What does all this mean for Citizens and its presence in Providence? In the short term, probably not much. Over the long term, it likely depends on whether Citizens gets eaten by a bigger bank – and how much of the bank’s operations are still here in the first place.

The reasons RBS is planning the IPO – quite possibly despite CEO Hester’s reservations – are clear enough.


WSJ: Citizens IPO next week will help determine bank’s value

February 23rd, 2013 at 11:03 am by under Nesi's Notes, On the Main Site

Other news outlets are adding a bit more context to last night’s Daily Telegraph scoop about RBS planning to float a minority stake in Citizens Financial Group as a first step toward selling the Providence-based bank.


Report: RBS to start selling stake in RI’s Citizens next week

February 22nd, 2013 at 7:14 pm by under Nesi's Notes, On the Main Site

Breaking news tonight out of London. Philip Aldrick and Helia Ebrahimi report for The Daily Telegraph:

Royal Bank of Scotland will next week reveal plans to float its US retail bank, Citizens, in a deal expected to raise more than £8bn for the state-backed lender. …

The potential initial public offering (IPO) would be one of the largest ever spin-outs from a UK bank ….

However, no bankers have been appointed and the process is likely to take around two years to complete.

On Thursday, RBS is expected to outline plans to initially sell a small stake in Citizens, of about 25%, and to keep open its options for future disposals. Bank insiders also hope that the prospect of a float could draw out prospective bidders willing to pay a full price for the business, although RBS will not run a formal “dual track” process. Canada’s TD Bank is one likely suitor.

Citizens’ future has been in question ever since U.K.-based RBS, which bought Citizens in 1988, was rescued by the British government in the fall of 2008 at the height of the financial crisis. RBS remains 82% owned by British taxpayers. The speculation has picked up steam since last summer’s New York Post report that TD Bank had discussed Citizens with RBS and subsequent stories about British regulators pressuring RBS to sell.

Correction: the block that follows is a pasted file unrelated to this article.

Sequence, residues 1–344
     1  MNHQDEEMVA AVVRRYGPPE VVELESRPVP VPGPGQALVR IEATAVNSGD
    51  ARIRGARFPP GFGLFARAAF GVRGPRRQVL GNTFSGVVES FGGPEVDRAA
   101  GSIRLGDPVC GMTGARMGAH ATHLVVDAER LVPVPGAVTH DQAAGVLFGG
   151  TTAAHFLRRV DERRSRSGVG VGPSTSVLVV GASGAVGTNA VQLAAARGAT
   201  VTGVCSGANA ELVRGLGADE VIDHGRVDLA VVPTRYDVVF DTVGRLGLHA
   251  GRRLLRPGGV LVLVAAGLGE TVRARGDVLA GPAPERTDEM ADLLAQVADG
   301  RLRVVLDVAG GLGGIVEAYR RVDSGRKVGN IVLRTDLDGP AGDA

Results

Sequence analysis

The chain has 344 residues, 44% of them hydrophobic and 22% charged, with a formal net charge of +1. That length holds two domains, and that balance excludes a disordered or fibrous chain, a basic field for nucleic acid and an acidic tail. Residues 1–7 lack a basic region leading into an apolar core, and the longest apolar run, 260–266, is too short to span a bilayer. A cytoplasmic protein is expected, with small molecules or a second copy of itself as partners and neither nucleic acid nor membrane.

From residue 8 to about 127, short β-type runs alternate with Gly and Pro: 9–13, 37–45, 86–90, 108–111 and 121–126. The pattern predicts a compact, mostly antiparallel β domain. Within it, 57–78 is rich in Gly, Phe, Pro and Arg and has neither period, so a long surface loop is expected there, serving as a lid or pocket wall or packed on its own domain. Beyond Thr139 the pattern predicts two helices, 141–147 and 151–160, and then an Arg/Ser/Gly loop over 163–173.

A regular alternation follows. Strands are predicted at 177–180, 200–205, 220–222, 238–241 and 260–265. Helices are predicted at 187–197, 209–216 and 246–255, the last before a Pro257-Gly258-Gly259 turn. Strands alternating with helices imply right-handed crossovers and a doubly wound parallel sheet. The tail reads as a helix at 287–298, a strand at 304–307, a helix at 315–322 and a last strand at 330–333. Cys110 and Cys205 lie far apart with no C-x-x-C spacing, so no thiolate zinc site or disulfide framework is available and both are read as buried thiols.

Citizens is the second-largest bank in Rhode Island by deposits, with a 21% market share and $9.6 billion in local assets, according to FDIC data as of June 30, 2012. TD Bank – which expanded to Rhode Island in 2010 – had a 0.29% market share and $130 million in assets at the same time, nearly double from a year earlier. Buying Citizens would be a quick way for TD to expand its presence in Northeastern retail banking.

For Rhode Island, one of the biggest questions is how Citizens’ local presence would be impacted if the bank was merged with another institution such as TD: Citizens was Rhode Island’s second-biggest for-profit employer as of 2011, according to the state, behind only CVS Caremark.

• Related: Full coverage of a possible Citizens Financial Group sale (Nov. 28 to Aug. 6)

Parent of Providence’s Citizens Bank has a (slightly) new name

December 10th, 2012 at 10:01 am by under Nesi's Notes, On the Main Site

Citizens Bank isn’t changing its name, but its holding company is – a little.

The new name is RBS Citizens Financial Group, which tacks on the initials of Citizens’ British parent company, Royal Bank of Scotland Group. The change was made earlier this year “to create better alignment with our brands,” Citizen spokesman Jim Hughes told WPRI.com.

“Our commercial banking division operates under the RBS Citizens brand and we also do business in auto lending as RBS Citizens,” Hughes said. “Citizens Bank and Charter One remain our brands for consumer and small-business banking.”

RBS bought Citizens in 1988 and is now under pressure from British regulators to sell the profitable American division as it tries to recover from the financial crisis.